Java development 2.0: JavaScript for Java developers

A Java developer's primer on JavaScript variables, types, functions, and more

Java™ developers have historically perceived JavaScript as a toy language, both too lightweight for real programming and too clunky to be of use as a scripting alternative. And yet JavaScript is still around, and it's the basis of exciting web technologies like GWT and Node.js. In this installment of Java development 2.0, Andrew Glover explains why JavaScript is an important tool for the modern Java developer. He then gets you started with the syntax you need to build first-class applications for today's web, including JavaScript variables, types, functions, and classes.

Andrew Glover, Author and developer, Beacon50

Andrew GloverAndrew Glover is a developer, author, speaker, and entrepreneur with a passion for behavior-driven development, Continuous Integration, and Agile software development. He is the founder of the easyb Behavior-Driven Development (BDD) framework and is the co-author of three books: Continuous Integration, Groovy in Action, and Java Testing Patterns. You can keep up with him at his blog and by following him on Twitter.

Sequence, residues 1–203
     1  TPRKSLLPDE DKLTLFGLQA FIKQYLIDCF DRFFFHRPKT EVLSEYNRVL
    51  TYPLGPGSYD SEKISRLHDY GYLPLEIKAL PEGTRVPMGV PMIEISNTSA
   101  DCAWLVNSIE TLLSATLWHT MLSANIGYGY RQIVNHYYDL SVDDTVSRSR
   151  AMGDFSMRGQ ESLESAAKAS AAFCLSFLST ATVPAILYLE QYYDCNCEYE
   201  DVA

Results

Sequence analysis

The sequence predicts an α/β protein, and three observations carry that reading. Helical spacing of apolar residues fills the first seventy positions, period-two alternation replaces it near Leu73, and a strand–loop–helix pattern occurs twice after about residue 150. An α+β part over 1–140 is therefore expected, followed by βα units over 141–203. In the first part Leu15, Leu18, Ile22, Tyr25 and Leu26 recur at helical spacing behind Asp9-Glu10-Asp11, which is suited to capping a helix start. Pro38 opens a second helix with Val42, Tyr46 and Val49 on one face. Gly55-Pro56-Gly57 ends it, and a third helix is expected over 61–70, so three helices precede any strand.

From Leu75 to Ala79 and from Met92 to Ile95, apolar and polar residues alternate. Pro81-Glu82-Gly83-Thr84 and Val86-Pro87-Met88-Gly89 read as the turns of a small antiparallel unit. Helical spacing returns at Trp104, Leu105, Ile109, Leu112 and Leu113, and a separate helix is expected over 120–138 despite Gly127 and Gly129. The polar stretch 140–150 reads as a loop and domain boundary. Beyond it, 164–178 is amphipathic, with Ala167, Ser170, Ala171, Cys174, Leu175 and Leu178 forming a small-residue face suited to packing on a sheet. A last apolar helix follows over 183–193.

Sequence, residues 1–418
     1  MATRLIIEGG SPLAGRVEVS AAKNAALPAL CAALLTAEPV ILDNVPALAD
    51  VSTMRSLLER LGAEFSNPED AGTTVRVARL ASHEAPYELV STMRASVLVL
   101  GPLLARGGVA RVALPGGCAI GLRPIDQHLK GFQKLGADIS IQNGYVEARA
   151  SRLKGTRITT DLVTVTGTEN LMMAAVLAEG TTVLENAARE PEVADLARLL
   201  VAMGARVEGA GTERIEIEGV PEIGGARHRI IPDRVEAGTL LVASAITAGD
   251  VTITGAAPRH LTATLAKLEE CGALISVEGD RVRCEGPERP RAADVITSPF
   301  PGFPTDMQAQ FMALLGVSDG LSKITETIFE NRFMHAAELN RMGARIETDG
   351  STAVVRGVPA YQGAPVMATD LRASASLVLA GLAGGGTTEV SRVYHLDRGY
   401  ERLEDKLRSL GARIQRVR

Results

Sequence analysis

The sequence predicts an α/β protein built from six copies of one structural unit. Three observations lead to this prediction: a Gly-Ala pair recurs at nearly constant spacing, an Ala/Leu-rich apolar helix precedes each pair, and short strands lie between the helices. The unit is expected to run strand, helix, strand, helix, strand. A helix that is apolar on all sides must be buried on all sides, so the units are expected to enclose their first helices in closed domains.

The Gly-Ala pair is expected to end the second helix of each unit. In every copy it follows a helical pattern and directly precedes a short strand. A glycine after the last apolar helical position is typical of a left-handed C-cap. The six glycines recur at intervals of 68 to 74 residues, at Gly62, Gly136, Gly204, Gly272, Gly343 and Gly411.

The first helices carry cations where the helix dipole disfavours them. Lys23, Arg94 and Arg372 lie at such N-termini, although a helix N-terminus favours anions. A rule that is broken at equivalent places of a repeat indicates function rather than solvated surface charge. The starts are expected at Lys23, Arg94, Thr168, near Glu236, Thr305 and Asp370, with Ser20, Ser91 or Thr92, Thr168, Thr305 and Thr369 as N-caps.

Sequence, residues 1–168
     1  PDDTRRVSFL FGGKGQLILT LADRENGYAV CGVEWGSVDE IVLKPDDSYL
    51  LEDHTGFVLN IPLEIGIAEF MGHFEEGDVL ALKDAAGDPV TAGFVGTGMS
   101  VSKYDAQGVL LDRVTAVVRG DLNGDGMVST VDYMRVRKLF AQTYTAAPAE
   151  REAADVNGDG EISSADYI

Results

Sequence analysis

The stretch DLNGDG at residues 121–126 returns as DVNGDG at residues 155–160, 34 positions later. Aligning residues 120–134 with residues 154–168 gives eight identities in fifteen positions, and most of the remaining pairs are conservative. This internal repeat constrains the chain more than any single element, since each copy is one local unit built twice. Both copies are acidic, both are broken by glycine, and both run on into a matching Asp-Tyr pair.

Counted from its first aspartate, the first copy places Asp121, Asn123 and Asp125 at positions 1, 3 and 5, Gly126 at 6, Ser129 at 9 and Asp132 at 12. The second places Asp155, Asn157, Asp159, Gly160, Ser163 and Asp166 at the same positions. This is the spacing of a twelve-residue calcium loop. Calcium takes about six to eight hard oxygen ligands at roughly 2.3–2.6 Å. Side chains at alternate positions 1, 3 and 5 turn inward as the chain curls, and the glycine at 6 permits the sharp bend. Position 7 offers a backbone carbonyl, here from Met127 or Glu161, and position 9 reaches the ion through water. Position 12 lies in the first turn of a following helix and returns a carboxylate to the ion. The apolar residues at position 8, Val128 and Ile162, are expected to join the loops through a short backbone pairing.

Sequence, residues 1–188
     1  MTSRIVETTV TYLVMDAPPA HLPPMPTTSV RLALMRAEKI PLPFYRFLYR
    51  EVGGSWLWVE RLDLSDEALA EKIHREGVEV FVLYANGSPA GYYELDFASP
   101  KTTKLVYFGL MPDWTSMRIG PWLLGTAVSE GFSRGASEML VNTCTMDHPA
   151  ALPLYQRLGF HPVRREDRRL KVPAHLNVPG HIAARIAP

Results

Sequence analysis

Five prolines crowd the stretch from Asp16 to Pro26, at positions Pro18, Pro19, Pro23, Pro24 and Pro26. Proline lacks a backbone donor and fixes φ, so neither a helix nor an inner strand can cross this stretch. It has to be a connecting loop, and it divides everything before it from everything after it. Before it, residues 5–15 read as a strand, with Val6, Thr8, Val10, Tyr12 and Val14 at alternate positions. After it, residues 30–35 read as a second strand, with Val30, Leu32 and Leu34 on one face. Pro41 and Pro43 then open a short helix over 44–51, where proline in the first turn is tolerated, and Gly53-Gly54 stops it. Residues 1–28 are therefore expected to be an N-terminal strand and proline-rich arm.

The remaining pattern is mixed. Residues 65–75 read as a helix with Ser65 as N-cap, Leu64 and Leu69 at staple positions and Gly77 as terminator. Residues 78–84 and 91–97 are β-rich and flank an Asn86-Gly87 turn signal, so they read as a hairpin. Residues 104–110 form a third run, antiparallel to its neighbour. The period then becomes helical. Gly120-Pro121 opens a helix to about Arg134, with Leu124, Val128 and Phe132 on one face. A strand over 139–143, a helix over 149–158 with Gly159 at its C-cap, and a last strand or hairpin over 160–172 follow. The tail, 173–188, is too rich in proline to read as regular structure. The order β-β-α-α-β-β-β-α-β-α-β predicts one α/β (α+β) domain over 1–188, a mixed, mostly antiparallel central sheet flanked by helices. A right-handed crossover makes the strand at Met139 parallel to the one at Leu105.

26 April 2011

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Back in the early days of the Java platform, it wasn't unusual for journalists, and even occasionally newbie programmers, to confuse JavaScript and the Java language. Both languages were popularized due to their applicability to web programming, after all, and for a few years they ran neck-and-neck in the popular imagination. Most people today differentiate the two languages, but it's still common for Java developers to deride JavaScript as a toy language, not even fit for scripting. The thing is, JavaScript (much like the Java language) has lived on, and even evolved. It's the basis of client-side programming techniques like Ajax and server-side efforts like Node.js, and its importance for mobile application development is beginning to emerge. It's also the language that Java code compiles to in the very popular Google Web Toolkit, or GWT.

In this installment of Java development 2.0, I explain why JavaScript matters to Java developers today and walk through some of the most useful JavaScript syntax, explaining how it differs from the Java language and also contrasting it to more modern dynamic languages like Groovy and Ruby.

About this series

The Java development landscape has changed radically since Java technology first emerged. Thanks to mature open source frameworks and reliable for-rent deployment infrastructures, it's now possible to assemble, test, run, and maintain Java applications quickly and inexpensively. In this series, Andrew Glover explores the spectrum of technologies and tools that make this new Java development paradigm possible.